Where Merrimack matched Holmstrom’s seven in the first, it couldn’t even muster that many in the second, as Lowell was perfectly content to pack it in for Connor Hellebuyck, who could have spent most of the second in the dreamless sleep of an innocent. Six shots on goal for Merrimack in what should have been a frantic second frame, despite long stretches of four-on-four play in the middle part of it. This was perhaps Lowell’s best single-period defensive effort of the last two weeks, and in the center of it all at 7:09 came Greg Amlong’s first career goal, which turned a respectable lead into an insurmountable one.

The play started on a quick rush up the ice with who but Joe Pendenza, who got worked to the outside by Heywood on a 2-0n-2 and just kind of threw the puck into the middle. Tirronen must have expected a shot, because he overcommitted to one pretty heavily, and you can almost consider him blameless for doing so, because like Pendenza, Amlong didn’t have the inside on Tom McCarthy at the other side of the slot. But the freshman defenseman put his stick down and, like Holmstrom’s two strikes before him, scored from a very short distance away to further broaden the lead in a game that was now very much under Lowell’s thumb.

With that having been said, we imagine the speech Dennehy gave his charges in the second intermission was nearly enough to rival Bazin’s apparently convincing marching orders before the game. Now, you could make the very legitimate argument that such a paint-peeler was about two periods too late (and you’d be right), but that didn’t prevent Merrimack from storming out of the dressing room and throwing everything it had left at the Lowell ramparts. Where the Warriors had but 13 shots between them through the first 40 minutes, they generated 19 more in the final 20. Lowell, meanwhile, had 10 of its own. You’d think this was a pretty busy period given that 29 shots happened in just 20 minutes, and it wasn’t unbusy, but apart from the Merrimack goal to end Hellebuyck’s shutout bid just 22 seconds into the period, no one ever seemed to be particularly in danger of conceding again.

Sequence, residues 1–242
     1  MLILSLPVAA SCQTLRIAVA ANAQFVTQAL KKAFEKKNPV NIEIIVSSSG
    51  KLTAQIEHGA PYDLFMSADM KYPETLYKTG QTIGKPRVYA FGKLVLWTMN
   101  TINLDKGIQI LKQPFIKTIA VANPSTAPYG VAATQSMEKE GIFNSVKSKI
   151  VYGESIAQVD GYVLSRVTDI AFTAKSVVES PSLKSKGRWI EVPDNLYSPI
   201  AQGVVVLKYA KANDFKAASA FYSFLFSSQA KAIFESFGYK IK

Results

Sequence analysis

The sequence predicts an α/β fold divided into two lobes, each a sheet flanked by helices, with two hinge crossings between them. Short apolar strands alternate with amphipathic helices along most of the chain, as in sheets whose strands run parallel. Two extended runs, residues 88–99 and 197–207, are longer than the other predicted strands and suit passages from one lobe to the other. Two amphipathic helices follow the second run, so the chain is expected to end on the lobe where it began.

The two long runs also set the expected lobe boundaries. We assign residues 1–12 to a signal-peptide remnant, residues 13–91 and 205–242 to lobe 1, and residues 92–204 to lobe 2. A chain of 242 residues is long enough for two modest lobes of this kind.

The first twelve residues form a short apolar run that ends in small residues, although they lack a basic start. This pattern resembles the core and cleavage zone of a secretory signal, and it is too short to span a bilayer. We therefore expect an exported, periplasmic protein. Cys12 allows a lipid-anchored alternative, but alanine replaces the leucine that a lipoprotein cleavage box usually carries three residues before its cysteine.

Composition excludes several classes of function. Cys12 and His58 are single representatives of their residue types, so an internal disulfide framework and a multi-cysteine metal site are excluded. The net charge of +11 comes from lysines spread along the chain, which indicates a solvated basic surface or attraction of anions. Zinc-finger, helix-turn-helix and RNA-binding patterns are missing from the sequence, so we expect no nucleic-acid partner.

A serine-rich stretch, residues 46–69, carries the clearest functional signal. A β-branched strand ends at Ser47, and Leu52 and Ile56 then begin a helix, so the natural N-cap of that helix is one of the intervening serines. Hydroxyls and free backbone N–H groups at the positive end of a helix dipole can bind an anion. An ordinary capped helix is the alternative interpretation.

Things got a little testy as the game wore down and Merrimack’s frustration at having scored just two goals in three games against the River Hawks set in (not that we’re having a party for Lowell only getting seven in those same contests). There were 31 penalty minutes handed out in the period, though 15 of them were given to Kyle Bigos for a contact to the head major with no time on the clock. And in the end, that’s all Merrimack really is in the grand scheme of things. A two-player team (Mike Collins and Jordan Heywood) that sticks to its systems exceedingly well and probably won’t do much if those two aren’t on their games. Collins had fully one-quarter of Merrimack’s 32 shots, and Merrimack slipped to 2-8-3 when he doesn’t have at least a point. As Johnny Gaudreau found on Tuesday, spending an entire game in Chad Ruhwedel’s crosshairs isn’t conducive to scoring very much at all, and finished the season series against the River Hawks 0-0-0 and minus-2 in three games.

Now only two games remain in the Hockey East regular season. Lowell has positioned itself better than anyone in the league against all odds. How can it possibly let the Providence team it dominated on home ice a month and a half ago derail Bazin’s grand designs now?